Last week, Utah witnessed three developments that ranged from sad to intriguing to hopeful. We review how these events are important in our local politics.

State School Board incumbent Natalie Cline was trounced by her challenger, Amanda Bollinger, 63%-37%, in last week’s Salt Lake County Republican convention and will not be on the primary ballot. Already a controversial figure, Cline received national attention for implying in a social media post that a minor student athlete was transgender. Beyond the obvious fact that negative publicity usually hurts candidates, what does the convention result tell us?

Pignanelli: “Bullying never has to do with you. It’s the bully who’s insecure.”Shay Mitchell

A former advocate of party conventions now turned ferocious critic, I join the multitude of fellow citizens applauding this outcome. But more examination is required.

Bollinger is a good candidate, an important detail. (She’s a former instructor at my wonderful alma mater, Cottonwood High School, an indicator of her qualities.) Had Bollinger been mediocre, a different result was possible.

Our culture has many historical legacies which make Utah a wonderful place. This includes antipathy toward bullying. Thus, the recent convention illustrated compassionate conservatives who wholly reject hate and vitriol from elected officials, especially when directed toward an innocent child.

Cline offered a tepid apology within the first moments of controversy. Then she doubled down on her opinions and blamed others for the backlash. Utahns will forgive a mistake if there is a sincere request and an attitude of contrition, which Cline never exuded.

It’s rare for me to compliment the actions of political party delegates, but I hereby do so.

Webb: Cline’s decisive defeat sends an important message that Utahns reject extremism, and especially harassment of innocent young people. It is actually the best end possible for this saga, with Cline being summarily dumped by Republican convention delegates — those who would be most expected to support her. She can’t claim the “elites” or the “establishment” took her down.

Former Salt Lake City Mayor Ted Wilson passed away on April 11. What lessons can we learn from his remarkable legacy?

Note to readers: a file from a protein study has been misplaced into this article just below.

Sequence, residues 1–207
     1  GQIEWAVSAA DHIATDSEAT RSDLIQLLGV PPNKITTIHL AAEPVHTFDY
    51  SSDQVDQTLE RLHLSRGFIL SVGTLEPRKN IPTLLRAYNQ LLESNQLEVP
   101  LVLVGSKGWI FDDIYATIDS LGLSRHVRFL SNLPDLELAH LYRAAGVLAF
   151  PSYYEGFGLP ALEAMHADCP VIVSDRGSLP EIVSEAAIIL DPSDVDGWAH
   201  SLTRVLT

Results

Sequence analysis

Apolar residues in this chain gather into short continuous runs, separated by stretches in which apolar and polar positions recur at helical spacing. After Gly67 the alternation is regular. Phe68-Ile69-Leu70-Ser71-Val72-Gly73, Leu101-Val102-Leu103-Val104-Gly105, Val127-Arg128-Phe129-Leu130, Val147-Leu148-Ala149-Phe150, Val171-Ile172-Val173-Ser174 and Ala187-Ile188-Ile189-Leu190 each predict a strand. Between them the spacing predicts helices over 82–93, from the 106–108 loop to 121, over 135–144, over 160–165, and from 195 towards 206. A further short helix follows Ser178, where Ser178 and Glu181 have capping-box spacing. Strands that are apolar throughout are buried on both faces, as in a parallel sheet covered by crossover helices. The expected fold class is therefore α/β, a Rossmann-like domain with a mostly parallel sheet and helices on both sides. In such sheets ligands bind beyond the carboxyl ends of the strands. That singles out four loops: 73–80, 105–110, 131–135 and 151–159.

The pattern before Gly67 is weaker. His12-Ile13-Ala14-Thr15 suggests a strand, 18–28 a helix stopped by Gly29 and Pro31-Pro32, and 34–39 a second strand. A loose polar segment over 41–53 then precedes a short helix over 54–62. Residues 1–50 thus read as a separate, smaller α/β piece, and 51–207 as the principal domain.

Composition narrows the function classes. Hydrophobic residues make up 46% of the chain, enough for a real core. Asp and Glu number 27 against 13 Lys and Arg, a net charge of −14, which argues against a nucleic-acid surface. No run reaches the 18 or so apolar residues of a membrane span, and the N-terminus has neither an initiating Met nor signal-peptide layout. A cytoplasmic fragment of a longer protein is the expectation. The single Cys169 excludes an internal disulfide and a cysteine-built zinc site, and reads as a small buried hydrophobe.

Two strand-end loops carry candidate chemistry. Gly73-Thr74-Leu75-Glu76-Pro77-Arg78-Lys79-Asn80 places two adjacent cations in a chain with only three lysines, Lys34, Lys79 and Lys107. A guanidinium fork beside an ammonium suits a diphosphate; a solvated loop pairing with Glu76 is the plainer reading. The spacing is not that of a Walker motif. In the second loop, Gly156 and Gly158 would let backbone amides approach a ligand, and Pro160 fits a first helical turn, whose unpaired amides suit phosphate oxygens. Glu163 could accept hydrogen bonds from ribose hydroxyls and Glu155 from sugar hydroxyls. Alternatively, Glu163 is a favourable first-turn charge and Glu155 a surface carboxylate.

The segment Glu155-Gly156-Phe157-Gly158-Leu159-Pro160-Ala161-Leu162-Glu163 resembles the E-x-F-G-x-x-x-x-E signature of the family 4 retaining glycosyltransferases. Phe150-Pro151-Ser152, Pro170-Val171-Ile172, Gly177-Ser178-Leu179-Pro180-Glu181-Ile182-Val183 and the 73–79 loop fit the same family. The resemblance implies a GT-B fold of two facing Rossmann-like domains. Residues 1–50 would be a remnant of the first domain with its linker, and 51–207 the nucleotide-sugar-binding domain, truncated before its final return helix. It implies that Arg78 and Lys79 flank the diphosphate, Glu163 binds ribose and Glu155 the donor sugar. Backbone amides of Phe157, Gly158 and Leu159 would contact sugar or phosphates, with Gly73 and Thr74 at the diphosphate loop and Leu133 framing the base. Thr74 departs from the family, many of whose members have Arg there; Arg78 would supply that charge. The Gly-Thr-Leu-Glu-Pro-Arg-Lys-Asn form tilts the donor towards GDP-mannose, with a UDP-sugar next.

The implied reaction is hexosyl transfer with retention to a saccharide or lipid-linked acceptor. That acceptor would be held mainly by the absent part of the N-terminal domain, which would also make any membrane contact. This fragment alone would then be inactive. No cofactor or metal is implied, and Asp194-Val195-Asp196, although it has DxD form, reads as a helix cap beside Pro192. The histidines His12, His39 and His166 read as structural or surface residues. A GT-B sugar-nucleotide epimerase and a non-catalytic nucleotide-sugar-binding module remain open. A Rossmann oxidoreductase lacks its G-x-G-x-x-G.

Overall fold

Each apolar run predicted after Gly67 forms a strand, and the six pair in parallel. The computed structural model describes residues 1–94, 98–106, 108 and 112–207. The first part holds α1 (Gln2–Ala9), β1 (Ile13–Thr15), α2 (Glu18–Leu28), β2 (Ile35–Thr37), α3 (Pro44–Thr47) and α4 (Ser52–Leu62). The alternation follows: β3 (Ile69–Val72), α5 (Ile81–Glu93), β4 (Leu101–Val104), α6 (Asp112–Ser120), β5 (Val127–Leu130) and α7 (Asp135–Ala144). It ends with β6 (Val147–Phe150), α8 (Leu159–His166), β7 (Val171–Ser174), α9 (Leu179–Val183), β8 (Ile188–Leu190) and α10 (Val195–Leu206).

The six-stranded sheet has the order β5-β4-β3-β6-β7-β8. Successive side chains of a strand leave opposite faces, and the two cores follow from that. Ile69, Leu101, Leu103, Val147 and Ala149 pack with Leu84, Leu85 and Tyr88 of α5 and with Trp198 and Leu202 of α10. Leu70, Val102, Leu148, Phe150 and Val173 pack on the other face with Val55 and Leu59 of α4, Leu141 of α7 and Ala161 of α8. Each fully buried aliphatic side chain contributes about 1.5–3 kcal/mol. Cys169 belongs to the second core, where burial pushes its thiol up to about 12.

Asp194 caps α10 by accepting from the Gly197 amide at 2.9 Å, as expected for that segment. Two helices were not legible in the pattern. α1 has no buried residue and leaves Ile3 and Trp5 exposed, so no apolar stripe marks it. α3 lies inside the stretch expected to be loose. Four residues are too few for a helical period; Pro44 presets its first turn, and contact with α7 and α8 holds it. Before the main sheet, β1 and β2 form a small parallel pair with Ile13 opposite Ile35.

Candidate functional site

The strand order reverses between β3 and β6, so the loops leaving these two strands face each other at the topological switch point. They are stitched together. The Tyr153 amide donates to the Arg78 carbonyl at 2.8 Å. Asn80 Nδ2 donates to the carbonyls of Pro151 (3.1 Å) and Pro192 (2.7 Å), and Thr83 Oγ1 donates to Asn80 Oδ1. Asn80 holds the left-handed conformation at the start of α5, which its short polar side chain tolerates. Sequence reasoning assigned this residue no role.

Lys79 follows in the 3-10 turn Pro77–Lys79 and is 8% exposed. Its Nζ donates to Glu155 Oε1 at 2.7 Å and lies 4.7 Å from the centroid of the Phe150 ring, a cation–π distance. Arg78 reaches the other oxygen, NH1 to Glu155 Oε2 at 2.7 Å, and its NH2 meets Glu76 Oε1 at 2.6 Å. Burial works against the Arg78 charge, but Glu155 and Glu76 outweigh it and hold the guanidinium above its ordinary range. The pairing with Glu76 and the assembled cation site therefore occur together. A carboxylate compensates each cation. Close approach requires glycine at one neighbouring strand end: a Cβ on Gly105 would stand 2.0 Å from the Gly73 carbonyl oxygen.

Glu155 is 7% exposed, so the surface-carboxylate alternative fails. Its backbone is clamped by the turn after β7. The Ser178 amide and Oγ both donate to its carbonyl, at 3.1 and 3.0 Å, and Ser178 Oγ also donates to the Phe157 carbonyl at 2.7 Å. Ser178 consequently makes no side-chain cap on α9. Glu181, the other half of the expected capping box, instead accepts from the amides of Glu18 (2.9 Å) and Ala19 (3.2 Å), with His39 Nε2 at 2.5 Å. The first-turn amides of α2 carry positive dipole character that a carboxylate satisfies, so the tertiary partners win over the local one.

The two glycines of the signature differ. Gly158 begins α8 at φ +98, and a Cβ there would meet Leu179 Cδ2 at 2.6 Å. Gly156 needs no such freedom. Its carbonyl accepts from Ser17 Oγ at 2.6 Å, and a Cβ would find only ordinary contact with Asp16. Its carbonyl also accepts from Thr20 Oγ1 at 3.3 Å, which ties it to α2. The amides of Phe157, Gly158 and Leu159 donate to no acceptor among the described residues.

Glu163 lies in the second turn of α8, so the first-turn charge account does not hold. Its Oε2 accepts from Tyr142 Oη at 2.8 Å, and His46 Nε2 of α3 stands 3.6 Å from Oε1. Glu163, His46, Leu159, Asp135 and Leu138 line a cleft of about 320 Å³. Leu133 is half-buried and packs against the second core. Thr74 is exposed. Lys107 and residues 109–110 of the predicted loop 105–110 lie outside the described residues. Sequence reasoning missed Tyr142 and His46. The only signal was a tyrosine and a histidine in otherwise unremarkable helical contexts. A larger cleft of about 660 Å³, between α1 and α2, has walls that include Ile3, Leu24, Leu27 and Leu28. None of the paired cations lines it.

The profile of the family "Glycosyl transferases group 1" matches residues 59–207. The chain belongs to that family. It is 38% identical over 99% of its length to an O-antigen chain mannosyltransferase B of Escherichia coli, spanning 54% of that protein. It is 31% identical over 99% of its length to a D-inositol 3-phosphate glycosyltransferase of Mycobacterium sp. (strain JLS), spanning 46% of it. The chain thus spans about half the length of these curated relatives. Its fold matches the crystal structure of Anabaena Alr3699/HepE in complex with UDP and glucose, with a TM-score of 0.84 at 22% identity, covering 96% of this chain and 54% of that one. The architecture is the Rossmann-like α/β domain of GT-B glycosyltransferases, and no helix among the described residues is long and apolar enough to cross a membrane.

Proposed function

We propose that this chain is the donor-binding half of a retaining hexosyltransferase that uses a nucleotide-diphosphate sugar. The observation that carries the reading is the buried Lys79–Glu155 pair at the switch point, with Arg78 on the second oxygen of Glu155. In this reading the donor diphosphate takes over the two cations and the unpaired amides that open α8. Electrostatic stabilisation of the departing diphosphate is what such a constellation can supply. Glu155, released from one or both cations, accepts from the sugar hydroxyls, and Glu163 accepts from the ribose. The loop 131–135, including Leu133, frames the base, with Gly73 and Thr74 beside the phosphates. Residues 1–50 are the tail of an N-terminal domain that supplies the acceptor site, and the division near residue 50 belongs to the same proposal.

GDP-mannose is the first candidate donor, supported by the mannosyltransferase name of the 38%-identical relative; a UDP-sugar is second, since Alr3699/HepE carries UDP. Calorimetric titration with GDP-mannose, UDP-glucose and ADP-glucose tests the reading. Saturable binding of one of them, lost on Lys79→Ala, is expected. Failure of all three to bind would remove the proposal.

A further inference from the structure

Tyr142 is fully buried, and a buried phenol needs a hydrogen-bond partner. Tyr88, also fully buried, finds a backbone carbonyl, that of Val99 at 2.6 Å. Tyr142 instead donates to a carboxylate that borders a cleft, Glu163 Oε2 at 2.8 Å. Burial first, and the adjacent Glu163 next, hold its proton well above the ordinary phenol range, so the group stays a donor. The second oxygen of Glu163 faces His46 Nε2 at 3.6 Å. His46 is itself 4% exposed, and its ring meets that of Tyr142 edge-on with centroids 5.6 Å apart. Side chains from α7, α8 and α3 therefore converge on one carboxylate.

Pignanelli: Many in my generation were learning of politics as Wilson was gaining prominence in City Hall. We grew up with Wilson as a mentor of how leadership is provided. Republicans, Democrats and independents enjoyed his friendly demeanor of never exhibiting personal animosity when expressing disagreement. In my early days on the speech stump, he would occasionally offer firm but needed advice that I still treasure. My condolences to the family with the hope that we preserve his legacy in actions and deeds.

Webb: Ted Wilson is absolutely one of my favorite people ever. He was a terrific politician — charming, handsome, genuine and a friend to all. He never let any of that go to his head, although he was kept appropriately humble by losing major races to Republicans.

Those with long memories might recall that Ted was actually an original founder of this column. We wrote it together starting in 2001 until he got too busy and Frank took over for him in 2004. He was a pleasure to work with. I also partnered with Ted and the Exoro Group in some political consulting work a number of years ago.

Despite being congenial and caring, Ted could be tough and decisive. I once saw him nearly take the head off a guy who, in the heat of a political disagreement, questioned his personal integrity. When I was working in the governor’s office, I was quoted saying disparaging things about the Southern Utah Wilderness Alliance, which I thought was sabotaging our public lands initiative. Ted, an ardent conservationist, was dispatched to set me straight and we had a very spirited discussion. And we emerged as friends.

Ted’s work inspiring thousands of young college students is perhaps his greatest and longest-lasting legacy.

Sen. Mike Lee conducted interviews with some Senate candidates, apparently to assess whether they are worthy of support. Would Lee’s endorsement, or that of any high-profile Republican, help a contender in the upcoming state convention?

Pignanelli: Endorsements can matter during the convention cycle. Celeste Maloy garnered the support of fellow candidates (Jordan Hess), local rural leaders and her predecessor (Chris Stewart), which delivered the convention. Marlo Oaks played a significant role helping John Curtis during his last congressional run. Conversely, withholding endorsements can also define relationships (i.e. Mitt Romney not endorsing Lee two years ago).

Politicos will be watching the equivalent drama of a junior high school cafeteria play at the state convention to learn who can sit at the popular table.

Webb: A number of Senate candidates do seem to be auditioning for Lee’s favor. He has been popular among state convention delegates in the past, so his endorsement could be helpful. But it wouldn’t be smart for Lee to endorse. There are so many solid conservatives dividing the delegate vote that he may not be able to play kingmaker. Also, enough candidates have successfully gathered signatures that the convention won’t determine who appears on the primary election ballot.

Republican LaVarr Webb is a former journalist and a semi-retired small farmer and political consultant. Email: lwebb@exoro.com. Frank Pignanelli is a Salt Lake attorney, lobbyist and political adviser who served as a Democrat in the Utah state Legislature. Email: frankp@xmission.com.